The Reuse Marketplace

Marcia Kaufman, a partner with Hurwitz & Associates, posted an article on entitled “The Risks and Rewards of Reuse.” It’s a good article, and the three recommendations can really be summed up in one word: governance. While governance is certainly important, the article misses out on another important, perhaps more important, factor: marketing.

When discussing reuse, I always refer back to a presentation I heard at SD East way back in 1998. Unfortunately, I don’t recall the speaker, but he had established reuse programs at a variety of enterprises, some successful and some not successful. He indicated that the factor that influenced success the most was marketing. If the groups that had reusable components/services/whatever were able to do an effective job in marketing their goods and getting the word out, the reuse program as a whole would be more successful.

Focusing in on governance alone still means those service owners are sitting back and waiting for customers to show up. While the architectural governance committee will hopefully catch a good number of potential customers and send them in the direction of the service owner, that committee should be striving to reach “rubber stamp” status, meaning the project teams should have already sought out potential services for reuse. This means that the service owners need to be marketing their services effectively so that they get found in the first place. I imagine the potential customer using Google searches on the service catalog, but then within the service catalog, you’d have a very Amazon-like feel that may say things like “30% of other customers found this service interesting…” Service owners would be monitoring this data to understand why consumers are or are not using their services. They’d be able to see why particular searches matched, what information the customer looked at, and know whether the customer eventually decided to use the service/resource or not. Interestingly, this is exactly what companies like Flashline and ComponentSource were trying to do back in the 2000 timeframe, with Flashline having a product to establish your own internal “marketplace” while ComponentSource was much more of a hosted solution intended at a community broader than the enterprise. With the potential to utilize hosted services always on the rise, this makes it even more interesting, because you may want your service catalog to show you both internally created solutions, as well as potential hosted solutions. Think of it as on the inside + with amazon partner content integrated from the outside. I don’t know how easily one could go about doing this, however. While there are vendors looking at UDDI federation, what I’ve seen has been focused on internal federation within an enterprise. Have any of these vendors worked with say, StrikeIron, so that hosted services show up in their repository (if the customer has configured it to allow them)? Again, it would be very similar to When you search for something on Amazon, you get some items that come from amazon’s inventory. You also get links to Amazon partners that have the same products, or even products that are only available from partners.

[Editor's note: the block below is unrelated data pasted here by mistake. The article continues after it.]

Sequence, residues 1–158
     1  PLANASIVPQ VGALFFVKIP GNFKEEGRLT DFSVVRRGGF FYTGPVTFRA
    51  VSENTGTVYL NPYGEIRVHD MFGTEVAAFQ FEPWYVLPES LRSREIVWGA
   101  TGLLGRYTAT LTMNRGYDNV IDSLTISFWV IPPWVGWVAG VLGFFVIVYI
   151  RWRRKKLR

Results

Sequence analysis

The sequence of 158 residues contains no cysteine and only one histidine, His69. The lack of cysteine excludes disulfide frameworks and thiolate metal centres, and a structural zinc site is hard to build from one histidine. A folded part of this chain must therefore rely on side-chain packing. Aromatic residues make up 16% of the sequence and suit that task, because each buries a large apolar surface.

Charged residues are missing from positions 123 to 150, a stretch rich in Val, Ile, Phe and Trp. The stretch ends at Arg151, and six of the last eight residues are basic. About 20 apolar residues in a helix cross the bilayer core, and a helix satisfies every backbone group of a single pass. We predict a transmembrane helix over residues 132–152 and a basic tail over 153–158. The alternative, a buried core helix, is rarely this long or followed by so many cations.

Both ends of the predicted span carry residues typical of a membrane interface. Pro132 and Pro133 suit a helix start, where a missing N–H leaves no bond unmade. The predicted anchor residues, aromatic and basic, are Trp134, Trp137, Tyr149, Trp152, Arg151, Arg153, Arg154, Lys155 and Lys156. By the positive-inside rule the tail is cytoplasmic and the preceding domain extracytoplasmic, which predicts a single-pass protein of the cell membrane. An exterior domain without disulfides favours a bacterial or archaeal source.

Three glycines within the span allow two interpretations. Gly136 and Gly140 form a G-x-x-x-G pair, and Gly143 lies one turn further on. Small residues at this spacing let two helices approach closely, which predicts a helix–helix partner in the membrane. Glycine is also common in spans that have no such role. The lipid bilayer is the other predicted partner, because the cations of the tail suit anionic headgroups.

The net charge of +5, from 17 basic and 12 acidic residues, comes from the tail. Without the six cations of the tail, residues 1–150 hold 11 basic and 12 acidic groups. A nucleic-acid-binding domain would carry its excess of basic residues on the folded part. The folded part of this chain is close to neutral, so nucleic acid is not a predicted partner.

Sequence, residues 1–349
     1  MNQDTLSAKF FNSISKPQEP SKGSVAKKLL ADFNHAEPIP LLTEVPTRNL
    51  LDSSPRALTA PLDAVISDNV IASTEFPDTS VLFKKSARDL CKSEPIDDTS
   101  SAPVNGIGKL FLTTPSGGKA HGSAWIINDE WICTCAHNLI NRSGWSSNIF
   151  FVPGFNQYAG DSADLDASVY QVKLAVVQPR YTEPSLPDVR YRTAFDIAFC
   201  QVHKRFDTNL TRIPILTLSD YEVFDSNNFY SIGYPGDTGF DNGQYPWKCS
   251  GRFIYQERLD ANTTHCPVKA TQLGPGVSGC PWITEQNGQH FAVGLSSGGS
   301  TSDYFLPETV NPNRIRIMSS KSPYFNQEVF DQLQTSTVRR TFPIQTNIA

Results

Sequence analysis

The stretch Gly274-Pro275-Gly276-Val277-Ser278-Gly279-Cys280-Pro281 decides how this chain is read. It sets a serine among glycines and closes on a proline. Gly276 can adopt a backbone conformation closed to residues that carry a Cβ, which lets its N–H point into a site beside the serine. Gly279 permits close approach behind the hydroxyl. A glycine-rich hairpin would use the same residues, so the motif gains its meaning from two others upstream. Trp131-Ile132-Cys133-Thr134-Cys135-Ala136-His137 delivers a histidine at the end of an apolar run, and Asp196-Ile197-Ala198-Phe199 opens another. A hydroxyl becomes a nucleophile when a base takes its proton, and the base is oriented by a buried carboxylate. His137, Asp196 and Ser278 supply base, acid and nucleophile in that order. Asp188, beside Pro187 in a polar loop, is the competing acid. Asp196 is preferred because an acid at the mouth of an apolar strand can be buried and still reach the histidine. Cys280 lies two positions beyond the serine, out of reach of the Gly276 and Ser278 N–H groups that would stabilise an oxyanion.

This is a great conceptual model, however, I do need to be a realist regarding the potential of such a robust tool today. How many enterprises have a service library large enough to warrant establishing this rich of a marketplace-like infrastructure? Fortunately, I do think this can work. Reuse is about much more than services. If all of your reuse is targeted at services, you’re taking a big risk with your overall performance. A reuse program should address not only service reuse, but also reuse of component libraries, whether internal corporate libraries or third-party libraries, and even shared infrastructure. If your program addresses all IT resources that have the potential for reuse, now the inventory may be large enough to warrant an investment in such a marketplace. Just make sure that it’s more than just a big catalog. It should provide benefit not only for the consumer, but for the provider as well.

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